Nimisha Patel

Nimisha Patel
University of East London | UEL · Department of Psychology

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28
Publications
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Introduction
Skills and Expertise

Publications

Publications (28)
Article
This paper addresses the challenge to organisations seeking to address institutional racism. It is argued that racism is systemic in its historical roots, anchored in racialising discourses, bolstered and fused by the ideology of Whiteness. It describes an approach to organisational consultancy, where the consultant can facilitate change in organis...
Article
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History is important. Whiteness and its effects of racism is part of our history – centuries of slavery and colonialism, eugenics and its influences on racist policies in the UK and beyond, continued scientific racism evident in our theories and research, the privileging of the norms of Whiteness in our clinical and research practices and training...
Article
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Background Torture and other forms of ill treatment have been reported in at least 141 countries, exposing a global crisis. Survivors face multiple physical, psychological, and social difficulties. Psychological consequences for survivors are varied, and evidence on treatment is mixed. We conducted a systematic review and meta-analysis to estimate...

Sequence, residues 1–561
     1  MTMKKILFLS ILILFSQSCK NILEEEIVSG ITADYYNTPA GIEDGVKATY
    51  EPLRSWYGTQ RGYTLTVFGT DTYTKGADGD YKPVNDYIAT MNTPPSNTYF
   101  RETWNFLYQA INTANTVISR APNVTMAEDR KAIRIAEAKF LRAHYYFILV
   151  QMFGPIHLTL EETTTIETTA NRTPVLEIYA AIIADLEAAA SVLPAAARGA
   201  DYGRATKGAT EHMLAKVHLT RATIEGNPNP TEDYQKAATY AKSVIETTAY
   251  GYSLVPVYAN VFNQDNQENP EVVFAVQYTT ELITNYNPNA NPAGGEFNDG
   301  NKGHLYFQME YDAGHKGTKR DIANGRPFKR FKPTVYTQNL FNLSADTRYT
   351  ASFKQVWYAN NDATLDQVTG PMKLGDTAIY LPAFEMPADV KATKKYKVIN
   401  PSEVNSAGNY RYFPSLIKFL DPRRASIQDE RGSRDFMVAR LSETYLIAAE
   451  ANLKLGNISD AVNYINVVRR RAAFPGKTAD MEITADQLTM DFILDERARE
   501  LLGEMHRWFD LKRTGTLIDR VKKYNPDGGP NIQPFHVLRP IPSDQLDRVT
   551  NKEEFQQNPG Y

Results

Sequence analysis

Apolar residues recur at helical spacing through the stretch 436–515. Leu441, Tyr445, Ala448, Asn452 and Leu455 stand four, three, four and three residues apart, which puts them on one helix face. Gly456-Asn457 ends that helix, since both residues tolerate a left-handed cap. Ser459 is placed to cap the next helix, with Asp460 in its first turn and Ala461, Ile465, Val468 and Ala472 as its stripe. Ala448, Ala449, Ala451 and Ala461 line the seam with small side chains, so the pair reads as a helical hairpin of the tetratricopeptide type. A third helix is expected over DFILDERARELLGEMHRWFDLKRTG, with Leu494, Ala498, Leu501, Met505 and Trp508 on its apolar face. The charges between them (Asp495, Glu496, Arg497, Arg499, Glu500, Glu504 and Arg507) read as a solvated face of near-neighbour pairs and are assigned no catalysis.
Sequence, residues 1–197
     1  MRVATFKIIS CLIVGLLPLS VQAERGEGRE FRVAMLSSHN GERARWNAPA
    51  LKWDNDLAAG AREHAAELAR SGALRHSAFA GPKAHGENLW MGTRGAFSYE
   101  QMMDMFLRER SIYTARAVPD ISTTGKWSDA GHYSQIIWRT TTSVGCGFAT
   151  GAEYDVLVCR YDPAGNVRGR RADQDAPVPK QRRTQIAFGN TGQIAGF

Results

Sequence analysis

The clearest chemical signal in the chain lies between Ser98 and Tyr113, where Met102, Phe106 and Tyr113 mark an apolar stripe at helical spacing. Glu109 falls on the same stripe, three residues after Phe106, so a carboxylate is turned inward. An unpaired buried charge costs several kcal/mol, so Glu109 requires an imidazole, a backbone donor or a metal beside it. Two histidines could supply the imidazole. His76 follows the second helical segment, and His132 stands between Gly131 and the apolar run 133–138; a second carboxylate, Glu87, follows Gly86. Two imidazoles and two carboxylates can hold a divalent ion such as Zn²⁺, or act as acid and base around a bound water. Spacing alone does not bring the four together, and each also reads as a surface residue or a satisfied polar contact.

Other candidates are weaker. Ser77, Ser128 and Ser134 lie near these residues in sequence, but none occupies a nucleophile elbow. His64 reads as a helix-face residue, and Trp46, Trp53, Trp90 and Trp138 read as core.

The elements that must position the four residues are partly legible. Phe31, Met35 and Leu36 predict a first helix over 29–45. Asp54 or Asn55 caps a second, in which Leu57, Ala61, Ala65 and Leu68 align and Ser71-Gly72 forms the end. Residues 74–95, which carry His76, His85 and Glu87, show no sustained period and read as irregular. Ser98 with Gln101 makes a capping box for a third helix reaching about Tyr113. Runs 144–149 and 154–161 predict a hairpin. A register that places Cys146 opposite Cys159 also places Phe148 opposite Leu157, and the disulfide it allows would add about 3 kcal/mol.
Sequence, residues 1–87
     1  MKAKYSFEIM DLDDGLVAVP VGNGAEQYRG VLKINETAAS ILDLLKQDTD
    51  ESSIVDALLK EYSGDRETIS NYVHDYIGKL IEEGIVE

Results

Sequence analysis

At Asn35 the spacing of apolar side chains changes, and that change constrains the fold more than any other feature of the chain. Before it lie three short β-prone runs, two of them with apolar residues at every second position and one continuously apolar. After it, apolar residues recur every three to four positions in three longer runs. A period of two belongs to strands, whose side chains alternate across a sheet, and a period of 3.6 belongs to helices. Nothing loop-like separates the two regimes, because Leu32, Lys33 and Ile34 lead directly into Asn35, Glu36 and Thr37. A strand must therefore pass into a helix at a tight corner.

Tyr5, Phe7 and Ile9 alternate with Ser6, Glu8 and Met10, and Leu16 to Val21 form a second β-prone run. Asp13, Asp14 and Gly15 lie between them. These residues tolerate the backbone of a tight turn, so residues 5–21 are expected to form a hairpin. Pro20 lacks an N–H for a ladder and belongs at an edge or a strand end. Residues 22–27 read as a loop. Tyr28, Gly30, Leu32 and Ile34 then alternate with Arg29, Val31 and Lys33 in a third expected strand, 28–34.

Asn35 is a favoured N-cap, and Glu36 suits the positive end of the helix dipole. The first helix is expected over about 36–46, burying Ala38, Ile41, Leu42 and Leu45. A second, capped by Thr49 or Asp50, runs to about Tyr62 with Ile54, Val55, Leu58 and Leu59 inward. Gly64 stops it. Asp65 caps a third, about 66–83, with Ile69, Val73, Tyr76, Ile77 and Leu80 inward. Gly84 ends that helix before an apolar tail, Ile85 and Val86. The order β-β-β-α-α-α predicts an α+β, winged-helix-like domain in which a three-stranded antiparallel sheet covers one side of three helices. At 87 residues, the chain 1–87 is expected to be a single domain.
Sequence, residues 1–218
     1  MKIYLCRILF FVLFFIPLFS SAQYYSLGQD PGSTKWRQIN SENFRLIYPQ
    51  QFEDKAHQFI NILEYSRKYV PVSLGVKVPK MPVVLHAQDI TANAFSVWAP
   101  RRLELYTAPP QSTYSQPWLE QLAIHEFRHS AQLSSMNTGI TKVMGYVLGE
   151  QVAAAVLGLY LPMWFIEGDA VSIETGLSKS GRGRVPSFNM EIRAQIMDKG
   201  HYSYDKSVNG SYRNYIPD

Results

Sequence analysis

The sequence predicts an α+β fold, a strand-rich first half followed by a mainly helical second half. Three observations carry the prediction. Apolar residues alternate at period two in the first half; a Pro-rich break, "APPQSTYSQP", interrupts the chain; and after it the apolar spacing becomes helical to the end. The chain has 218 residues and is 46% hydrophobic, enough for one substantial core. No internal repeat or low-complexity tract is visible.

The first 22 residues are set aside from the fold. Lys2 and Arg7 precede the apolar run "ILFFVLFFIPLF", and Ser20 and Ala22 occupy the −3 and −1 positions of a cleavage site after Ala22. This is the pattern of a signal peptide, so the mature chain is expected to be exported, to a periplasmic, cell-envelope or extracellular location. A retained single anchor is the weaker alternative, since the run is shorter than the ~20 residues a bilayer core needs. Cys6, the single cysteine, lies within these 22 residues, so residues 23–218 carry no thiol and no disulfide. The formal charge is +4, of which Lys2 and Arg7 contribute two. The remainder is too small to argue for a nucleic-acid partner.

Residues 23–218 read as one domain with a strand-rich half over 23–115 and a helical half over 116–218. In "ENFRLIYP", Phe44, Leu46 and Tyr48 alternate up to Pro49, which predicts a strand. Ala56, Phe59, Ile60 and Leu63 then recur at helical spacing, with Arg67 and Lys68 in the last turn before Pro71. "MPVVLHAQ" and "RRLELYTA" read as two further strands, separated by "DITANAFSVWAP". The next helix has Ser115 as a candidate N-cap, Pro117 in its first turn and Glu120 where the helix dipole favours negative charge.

Article
The right to rehabilitation as a form of reparation is well-established in international law although with respect to torture survivors, it has been insufficiently scoped, conceptually unclear and what it means in practice, has remained partial and ambiguous. This article provides a clinical perspective on the conceptualisation of the right to reha...
Chapter
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In the context of refugee movements as a result of a proliferation of armed conflicts and humanitarian crises, the role of international organisations in responding to healthcare needs is crucial. The ethical principle of ‘do no harm’ is oft-repeated but begs an examination of how power and interest may manifest in the attempts to develop and provi...
Article
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Examining Whiteness and racism in psychology and sociology
Article
This article introduces the challenges of providing psychological assessments of people seeking asylum in the wake of their reported torture. These challenges invite professionals to consider ontology (what happened to people, physically and psychologically) and epistemology (the reports about what happened and how those reports are interpreted). C...
Technical Report
Full-text available
These guidelines were developed by the British Psychological Society’s Presidential Taskforce on Refugees and Asylum Seekers: "This guidance document is not only for frontline psychologists and others working in the field, but also for practitioners in related disciplines. It is an important resource for directors, managers and practitioners of or...
Article
In discussing 'Whiteness', a context is provided as to current issues facing British clinical psychology, with an overview of the history of clinical psychology in the United Kingdom, and a particular focus on how issues of immigration, diversity, and racism have been addressed. Following this, the constantly changing training context of clinical p...
Article
In diesem Artikel beleuchten die Autorinnen einige Herausforderungen in der psychosozialen Versorgung von Menschen, die Krieg, Folter und andere Menschenrechtsverletzungen überlebt haben. Die Zusammenarbeit mit entwurzelten Menschen, die Gewalt erfahren haben, gefoltert wurden, auf der Flucht oder bereits geflohen sind, fordert allen beteiligten Fa...
Article